Manchester United's 3-1 win over Fulham on Saturday was marred by an incident that saw Fulham right-back Sascha Riether stomp United midfielder Adnan Januzaj. Now Riether has had to face the music.
The Football Association have issued Riether with a three-match ban, according to Rob Harris of the Associated Press.
Fulham's Sascha Riether suspended for 3 games after accepting FA charge for stamp— Rob Harris (@RobHarris) November 6, 2013
There were plenty of question marks regarding whether or not Riether would be suspended at all after Fulham disputed the FA's decision, according to Ben Rumsby of The Telegraph.
While Fulham admitted that match officials should have issued Riether with a red card (which they didn't since they presumably didn't see the incident late in Fulham's loss), Fulham challenged the process used by the FA to determine the suspension.
According to Rumsby, Riether's case was the first determined by the FA's new video panel and Fulham believed that rules may have been broken in doing so. With that said, the FA moved forward with the suspension and Riether himself accepted it on Twitter.
I will accept the consequences of my actions, and hope to put it behind me when I return.— Sascha Riether (@saschariether) November 5, 2013
In addition to accepting responsibility for his actions, Riether apologized to Januzaj, as well as to his Fulham teammates and fans.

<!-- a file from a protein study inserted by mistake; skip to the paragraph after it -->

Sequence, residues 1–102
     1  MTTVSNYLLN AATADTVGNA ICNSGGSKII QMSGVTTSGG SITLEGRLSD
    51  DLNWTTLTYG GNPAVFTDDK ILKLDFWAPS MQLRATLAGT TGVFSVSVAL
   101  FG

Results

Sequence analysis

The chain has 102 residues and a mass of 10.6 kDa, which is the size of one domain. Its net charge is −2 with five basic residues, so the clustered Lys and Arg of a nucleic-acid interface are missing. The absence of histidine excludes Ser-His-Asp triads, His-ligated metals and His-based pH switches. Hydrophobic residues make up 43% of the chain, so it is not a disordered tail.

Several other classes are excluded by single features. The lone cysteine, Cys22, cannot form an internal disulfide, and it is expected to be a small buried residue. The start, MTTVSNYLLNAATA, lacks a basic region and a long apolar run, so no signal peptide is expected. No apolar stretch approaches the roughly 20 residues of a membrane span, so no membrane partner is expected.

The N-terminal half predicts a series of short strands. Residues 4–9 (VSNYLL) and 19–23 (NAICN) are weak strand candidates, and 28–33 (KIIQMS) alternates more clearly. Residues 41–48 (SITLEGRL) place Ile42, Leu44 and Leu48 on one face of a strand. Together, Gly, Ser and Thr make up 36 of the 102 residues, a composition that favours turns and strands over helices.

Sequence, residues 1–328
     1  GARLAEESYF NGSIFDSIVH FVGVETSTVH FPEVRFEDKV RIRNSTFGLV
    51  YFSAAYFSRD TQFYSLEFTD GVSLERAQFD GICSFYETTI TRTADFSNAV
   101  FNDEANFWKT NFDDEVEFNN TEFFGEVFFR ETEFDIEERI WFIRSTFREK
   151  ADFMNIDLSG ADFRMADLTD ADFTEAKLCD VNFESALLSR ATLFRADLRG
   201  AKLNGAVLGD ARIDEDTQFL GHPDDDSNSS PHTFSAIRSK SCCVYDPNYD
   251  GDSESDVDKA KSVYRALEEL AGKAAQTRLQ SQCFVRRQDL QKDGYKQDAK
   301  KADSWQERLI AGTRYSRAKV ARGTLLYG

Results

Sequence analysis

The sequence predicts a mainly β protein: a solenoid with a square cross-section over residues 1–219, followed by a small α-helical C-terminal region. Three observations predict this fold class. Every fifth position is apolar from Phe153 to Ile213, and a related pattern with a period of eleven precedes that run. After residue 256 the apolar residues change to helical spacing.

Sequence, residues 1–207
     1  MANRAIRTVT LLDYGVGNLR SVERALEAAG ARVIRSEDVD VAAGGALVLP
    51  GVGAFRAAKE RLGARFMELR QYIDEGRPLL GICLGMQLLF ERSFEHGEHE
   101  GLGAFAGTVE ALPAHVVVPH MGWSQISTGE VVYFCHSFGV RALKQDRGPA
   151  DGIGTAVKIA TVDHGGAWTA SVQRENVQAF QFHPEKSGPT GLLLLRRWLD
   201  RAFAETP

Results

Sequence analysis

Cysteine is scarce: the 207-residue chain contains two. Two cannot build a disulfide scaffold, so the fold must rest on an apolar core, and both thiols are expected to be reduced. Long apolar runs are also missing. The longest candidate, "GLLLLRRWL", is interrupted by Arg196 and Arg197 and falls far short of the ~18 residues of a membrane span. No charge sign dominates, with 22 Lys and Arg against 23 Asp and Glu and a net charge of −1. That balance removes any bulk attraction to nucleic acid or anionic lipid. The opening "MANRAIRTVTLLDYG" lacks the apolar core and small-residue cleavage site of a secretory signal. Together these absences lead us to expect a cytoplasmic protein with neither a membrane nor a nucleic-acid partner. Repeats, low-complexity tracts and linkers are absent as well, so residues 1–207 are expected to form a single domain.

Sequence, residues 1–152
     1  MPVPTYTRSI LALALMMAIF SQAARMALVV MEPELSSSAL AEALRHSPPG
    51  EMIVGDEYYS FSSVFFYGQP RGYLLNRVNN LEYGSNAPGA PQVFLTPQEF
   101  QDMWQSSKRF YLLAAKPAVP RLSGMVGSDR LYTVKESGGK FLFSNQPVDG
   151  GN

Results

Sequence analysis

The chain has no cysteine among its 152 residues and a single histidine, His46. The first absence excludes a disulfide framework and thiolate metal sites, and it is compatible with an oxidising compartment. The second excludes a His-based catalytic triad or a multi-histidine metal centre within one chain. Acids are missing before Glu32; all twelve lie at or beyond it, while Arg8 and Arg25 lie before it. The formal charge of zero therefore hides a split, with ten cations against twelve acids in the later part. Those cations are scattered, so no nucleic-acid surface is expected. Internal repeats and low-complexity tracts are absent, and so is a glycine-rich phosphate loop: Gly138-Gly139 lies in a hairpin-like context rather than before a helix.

I want to say I am sorry to Adnan Januzai.It was very unlike me and I can only say that frustration got the better of me.— Sascha Riether (@saschariether) November 5, 2013
I also want to apologise to my teammates, fans and everyone at the Club, for the ban incurred following Saturday's match— Sascha Riether (@saschariether) November 5, 2013
How do you characterize Riether's ban?
While Riether deserves credit for accepting the ban, the manner in which it came down certainly lends itself to criticism.
Per Rumsby, Fulham officials were unhappy with the decision due largely to the fact that Chelsea striker Fernando Torres wasn't disciplined for scratching the face of Tottenham defender Jan Vertonghen back in September.
The inconsistencies are troubling, but the most important thing from the FA's perspective is to do the right things, regardless of past missteps.
It appears to have done that in this situation, but most observers would probably agree that the FA needs to use the Riether suspension as a precedent rather than an outlier moving forward.
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